The Efficiency of the Police – Society of Gilbert Keith Chesterton
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GILBERT KEITH CHESTERTON

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The Efficiency of the Police

By Gilbert Keith Chesterton
Appeared in the Illustrated London News, April 1, 1922

The plague of atrocious and anonymous murders has naturally been discussed as a problem of the police. It is usually thought sufficient to make a vague demand for more “organisation,” for the modern man is in favour of introducing order into everything except his own ideas. But I think the remedy insufficient—first, because the British police are already more centralised and powerful than they were ever meant to be, or than our national tradition of liberty allowed of their being; and, second, because all this talk of mere organisation rests on a fallacy. Organisation very often means merely turning men into machinery; and it is quite a mistake to suppose that machinery as such is efficient. Machinery can move slow as well as fast—indeed, machinery left to itself does not move at all. Noth ing could be more elaborately organised than the etiquette of a Chinese Court, or a palace in the last and darkest days of Byzantium or Spain. All Byzantine bureaucracies, all systems of officialism in decadent and declining empires, are most systematically organised. What is wanting in them is the breath of life—or, in other words, people taking some sort of interest in their work. Such an organisation is the very opposite of au organism. It has no vitality, because it does not truly believe in its own aim in life. This is the tragic consequence of the false relations touching industrial injustice in the modern world. We hear a great deal about the policy of “ca’ canny”; but people do not seem to have learned the one real lesson from it. [Ca’ canny is a Scots phrase: ca’ or caw = to drive; canny = gently. It means go easy; go slow; do not exert yourself.] It is that it is just as possible to organise slackness as to organise efficiency; perhaps a little more easy. It is a certain attitude towards work, and the real reasons for that attitude, that are worthy of the attention of a thoughtful person. If I thought the police were inefficient, I should not be content with shuf­fling papers and rearranging labels, with putting one depart­ment under another department, or giving one unsuccessful official more power over another. I should inquire first whether the police were discontented, and whether, perhaps, they had some reason to be discontented.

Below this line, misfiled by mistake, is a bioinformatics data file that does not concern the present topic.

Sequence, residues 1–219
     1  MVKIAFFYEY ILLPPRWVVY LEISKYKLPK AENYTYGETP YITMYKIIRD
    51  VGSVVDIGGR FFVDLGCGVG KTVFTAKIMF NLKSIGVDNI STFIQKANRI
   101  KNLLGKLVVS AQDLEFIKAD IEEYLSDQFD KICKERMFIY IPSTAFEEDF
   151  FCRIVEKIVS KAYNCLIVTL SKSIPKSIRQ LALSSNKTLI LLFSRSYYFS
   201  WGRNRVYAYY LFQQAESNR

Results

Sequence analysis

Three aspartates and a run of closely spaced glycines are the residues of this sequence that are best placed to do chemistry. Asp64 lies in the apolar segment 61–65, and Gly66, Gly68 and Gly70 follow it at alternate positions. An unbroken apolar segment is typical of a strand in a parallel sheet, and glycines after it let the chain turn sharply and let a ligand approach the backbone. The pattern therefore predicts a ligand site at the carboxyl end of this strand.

But I doubt whether we need to argue that the police are particularly inefficient, and I think there are other causes. To begin with, the modern notion of universal official organisation is a physical impossibility, and almost a contradiction in terms. It implies that everybody should be shadowed, and there­fore that every man must be his own shadow. It demands a policeman for every person, which could not be attained even if every person were a policeman. There are only a certain number of officials to go round; and, if we insist on using some of their energies for small and senseless objects, there will obvi­ously be less for large and serious objects. If one of the officials is engaged in preventing people from buying chocolates after half-past eight, he has the less attention to give to people who send poisoned chocolates to other people whom they have the misfortune to dislike. If a policeman is engaged in preventing a man from standing treat to an old friend in a public-house, he cannot at the same moment be preventing another man from stabbing an old enemy in another public-house. The common sense of this consideration was as obvious as broad daylight to our fathers, and was embodied in the old legal tag of “De minimis non curat lex” [“the law does not care about ‘minimums’ or trifles”]. But that maxim has certainly been entirely reversed and repudiated in modern social legislation. Our officials are so much occupied in controlling diet and details of medical theory, and disputed points of decorum in the arts, that such a trifle as a corpse on a doorstep or an assassination a few yards from a lamp-post appears almost in the nature of an irritating and unexpected addition to their daily toils. They cannot be expected to concentrate on anything so barbaric and elementary. “De maximis non curat lex.” [“The law does not care about the biggest matters.”]